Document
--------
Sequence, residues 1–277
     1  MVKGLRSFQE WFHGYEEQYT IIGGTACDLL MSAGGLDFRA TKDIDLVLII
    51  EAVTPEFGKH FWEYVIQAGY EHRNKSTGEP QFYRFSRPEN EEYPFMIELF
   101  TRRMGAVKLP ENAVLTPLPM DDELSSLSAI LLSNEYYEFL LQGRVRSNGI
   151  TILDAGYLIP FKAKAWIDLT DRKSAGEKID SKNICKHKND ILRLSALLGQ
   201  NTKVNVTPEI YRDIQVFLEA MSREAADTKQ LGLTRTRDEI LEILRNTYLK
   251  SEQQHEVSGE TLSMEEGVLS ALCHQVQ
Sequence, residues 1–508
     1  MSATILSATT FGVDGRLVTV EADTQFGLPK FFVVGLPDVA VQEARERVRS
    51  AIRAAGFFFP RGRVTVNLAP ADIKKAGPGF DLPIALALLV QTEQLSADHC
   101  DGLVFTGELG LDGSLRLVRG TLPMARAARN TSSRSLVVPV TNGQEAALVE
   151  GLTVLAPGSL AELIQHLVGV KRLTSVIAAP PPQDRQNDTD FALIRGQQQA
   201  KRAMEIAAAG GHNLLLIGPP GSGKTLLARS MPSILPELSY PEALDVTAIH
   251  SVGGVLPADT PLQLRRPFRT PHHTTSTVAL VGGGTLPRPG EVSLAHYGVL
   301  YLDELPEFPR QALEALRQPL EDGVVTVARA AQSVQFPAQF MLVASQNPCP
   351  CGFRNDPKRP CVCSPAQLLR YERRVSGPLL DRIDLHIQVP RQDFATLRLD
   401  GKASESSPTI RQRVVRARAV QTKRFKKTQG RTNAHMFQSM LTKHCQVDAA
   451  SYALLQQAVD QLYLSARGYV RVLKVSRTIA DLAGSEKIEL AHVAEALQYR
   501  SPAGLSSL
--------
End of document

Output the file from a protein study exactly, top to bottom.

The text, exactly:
Sequence, residues 1–277
     1  MVKGLRSFQE WFHGYEEQYT IIGGTACDLL MSAGGLDFRA TKDIDLVLII
    51  EAVTPEFGKH FWEYVIQAGY EHRNKSTGEP QFYRFSRPEN EEYPFMIELF
   101  TRRMGAVKLP ENAVLTPLPM DDELSSLSAI LLSNEYYEFL LQGRVRSNGI
   151  TILDAGYLIP FKAKAWIDLT DRKSAGEKID SKNICKHKND ILRLSALLGQ
   201  NTKVNVTPEI YRDIQVFLEA MSREAADTKQ LGLTRTRDEI LEILRNTYLK
   251  SEQQHEVSGE TLSMEEGVLS ALCHQVQ
Sequence, residues 1–508
     1  MSATILSATT FGVDGRLVTV EADTQFGLPK FFVVGLPDVA VQEARERVRS
    51  AIRAAGFFFP RGRVTVNLAP ADIKKAGPGF DLPIALALLV QTEQLSADHC
   101  DGLVFTGELG LDGSLRLVRG TLPMARAARN TSSRSLVVPV TNGQEAALVE
   151  GLTVLAPGSL AELIQHLVGV KRLTSVIAAP PPQDRQNDTD FALIRGQQQA
   201  KRAMEIAAAG GHNLLLIGPP GSGKTLLARS MPSILPELSY PEALDVTAIH
   251  SVGGVLPADT PLQLRRPFRT PHHTTSTVAL VGGGTLPRPG EVSLAHYGVL
   301  YLDELPEFPR QALEALRQPL EDGVVTVARA AQSVQFPAQF MLVASQNPCP
   351  CGFRNDPKRP CVCSPAQLLR YERRVSGPLL DRIDLHIQVP RQDFATLRLD
   401  GKASESSPTI RQRVVRARAV QTKRFKKTQG RTNAHMFQSM LTKHCQVDAA
   451  SYALLQQAVD QLYLSARGYV RVLKVSRTIA DLAGSEKIEL AHVAEALQYR
   501  SPAGLSSL